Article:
Mask skill is one of the most essential skills as an individual diver. It’s near impossible to avoid water getting inside your mask during a dive, not to mention that we forget to defog the mask before diving and it gets foggy during the dive. Luckily, during our open water training, we will learn various mask skills ranging from the very basic up to the more advanced.
In real life, people would not go up to the surface to fix the mask (either the mask is getting foggy, or it’s not in the right position, or maybe your hair got stuck that will require you to remove the mask-fix your hair-and replace the mask back). They will fix all those problems during the dive, and that is exactly why we learn those skills.
But, it’s quite common that people will have difficulties to nail the mask skills. As an instructor, sometimes we forget how uncomfortable it can be to have water inside the mask. But it happens. Especially for people that are not familiar with being in water, or even for people that are spending a lot of time in the water. There are various ways to overcome the mask skill for the student to try:
1. Not rushing the skill
The key to mastering this skill is patience and composure. Many people rush to do this skill and it just creates extra problems for themselves, especially underwater. It takes time to be comfortable on having the water inside your mask, and you should take your time in doing this skill. Calming yourself down before doing this skill can make a big difference, and controlling your breath will help you achieve that. By inhaling and exhaling slowly and deeply, you will help to make yourself calm to execute this skill. As you are doing that, you can think of the steps of the mask skill. Take a couple of breath before you let the water inside, and let the water sit inside the mask for a while so you can be familiar with the feeling.
2. Technique to let the water inside
This procedure involves letting water inside your mask to simulate real underwater conditions. There are various ways of doing it. Pinching the mask skirt can give you more control over how fast the water flows inside the mask. Or maybe you would want to have a firm grim over the mask frame, and slowly open it from the top so you can get more familiar with the mask structure.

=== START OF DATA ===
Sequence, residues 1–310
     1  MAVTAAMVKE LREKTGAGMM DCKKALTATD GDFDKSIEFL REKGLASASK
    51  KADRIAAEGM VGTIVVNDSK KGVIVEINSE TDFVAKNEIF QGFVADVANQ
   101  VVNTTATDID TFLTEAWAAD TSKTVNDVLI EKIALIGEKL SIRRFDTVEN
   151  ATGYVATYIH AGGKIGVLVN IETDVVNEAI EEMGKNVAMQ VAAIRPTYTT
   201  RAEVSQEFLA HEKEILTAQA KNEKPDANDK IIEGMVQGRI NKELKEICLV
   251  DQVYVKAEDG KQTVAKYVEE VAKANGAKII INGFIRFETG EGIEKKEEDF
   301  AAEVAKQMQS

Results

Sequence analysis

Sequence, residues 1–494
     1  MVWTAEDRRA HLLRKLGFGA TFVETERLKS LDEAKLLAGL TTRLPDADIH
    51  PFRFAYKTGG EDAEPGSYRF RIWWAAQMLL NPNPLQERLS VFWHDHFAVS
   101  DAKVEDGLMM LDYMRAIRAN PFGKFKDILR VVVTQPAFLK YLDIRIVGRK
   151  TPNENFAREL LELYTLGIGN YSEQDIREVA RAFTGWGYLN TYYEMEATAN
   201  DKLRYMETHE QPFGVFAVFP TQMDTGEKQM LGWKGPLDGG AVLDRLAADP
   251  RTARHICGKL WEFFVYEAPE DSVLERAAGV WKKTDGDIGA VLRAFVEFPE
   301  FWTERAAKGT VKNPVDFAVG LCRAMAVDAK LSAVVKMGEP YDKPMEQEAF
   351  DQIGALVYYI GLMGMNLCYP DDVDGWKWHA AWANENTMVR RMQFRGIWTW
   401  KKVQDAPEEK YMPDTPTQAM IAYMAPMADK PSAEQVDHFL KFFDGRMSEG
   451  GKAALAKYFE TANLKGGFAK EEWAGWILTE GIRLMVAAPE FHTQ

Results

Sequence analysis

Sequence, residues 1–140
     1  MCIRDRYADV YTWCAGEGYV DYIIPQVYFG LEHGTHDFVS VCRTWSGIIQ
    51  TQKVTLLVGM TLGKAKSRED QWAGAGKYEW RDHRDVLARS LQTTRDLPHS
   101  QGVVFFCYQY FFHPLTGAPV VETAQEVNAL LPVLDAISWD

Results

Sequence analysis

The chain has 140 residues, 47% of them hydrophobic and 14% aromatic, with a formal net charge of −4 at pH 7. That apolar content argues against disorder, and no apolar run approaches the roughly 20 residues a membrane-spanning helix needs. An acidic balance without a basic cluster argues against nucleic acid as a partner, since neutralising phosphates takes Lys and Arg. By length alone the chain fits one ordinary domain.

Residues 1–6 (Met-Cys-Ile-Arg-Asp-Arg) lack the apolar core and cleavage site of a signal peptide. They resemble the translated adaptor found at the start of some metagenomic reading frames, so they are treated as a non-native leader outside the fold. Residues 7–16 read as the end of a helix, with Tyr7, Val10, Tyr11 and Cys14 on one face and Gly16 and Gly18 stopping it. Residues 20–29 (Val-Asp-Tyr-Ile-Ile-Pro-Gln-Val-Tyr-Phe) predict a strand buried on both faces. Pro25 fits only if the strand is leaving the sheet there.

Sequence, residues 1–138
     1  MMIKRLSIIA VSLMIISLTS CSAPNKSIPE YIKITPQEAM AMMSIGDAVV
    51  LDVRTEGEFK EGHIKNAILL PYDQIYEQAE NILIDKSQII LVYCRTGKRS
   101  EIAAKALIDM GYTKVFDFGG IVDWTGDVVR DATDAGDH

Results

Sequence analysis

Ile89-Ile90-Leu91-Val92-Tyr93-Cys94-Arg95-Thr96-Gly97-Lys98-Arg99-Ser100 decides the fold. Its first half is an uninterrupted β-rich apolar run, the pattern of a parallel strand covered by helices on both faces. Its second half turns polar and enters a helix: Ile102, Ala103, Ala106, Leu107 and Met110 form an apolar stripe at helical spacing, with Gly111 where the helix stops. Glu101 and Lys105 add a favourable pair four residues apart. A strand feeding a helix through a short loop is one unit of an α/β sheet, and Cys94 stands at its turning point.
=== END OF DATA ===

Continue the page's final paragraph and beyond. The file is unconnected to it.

3. Get familiar with breathing without mask
It sounds frightening, but it’s not really. Before doing it underwater, people can try to just breathe for a minute or two at the surface without mask, before slowly putting the face in the water so you can really concentrate on the breathing only. It puts people to become more focused on the breathing and getting used to have water on their face.
4. Closing or opening your eyes underwater
While most instructors will suggest that it’s better to open your eyes underwater, some people may find that it hurts or maybe feel intimidated by the idea. What you can try is closing your eyes as you are doing the skill, and try to really feel the water that is inside your mask. By doing this, you can avoid hurting your eyes and gradually get used to having water inside the mask.
5. Technique to clear the water
Holding the top of the mask frame and exhaling through your nose as you’re looking up is the standard procedure on clearing the mask. By doing this, you’re really making sure that water can escape. But if that sounds intimidating, or just too much to remember then we have other suggestions. What you can also do is to hold the top of the mask frame (either from the side or the middle) and exhale through your nose as you keep your head vertical. This way, you can cut down one step. Each individual will have their own ways of approaching this skill. As long as you understand the basic concept, you can make minor adjustments to suit your method of doing it.
For some people, they can do it in one go and have no problem at all. But for some, it can take some time to be comfortable with the mask skill. Because diving is safety fun, it’s best to practice the mask skill until you get really comfortable with it. Be honest with your instructor and tell them what’s on your mind should you feel discomfort doing this.
Written by Bernardino Hajadi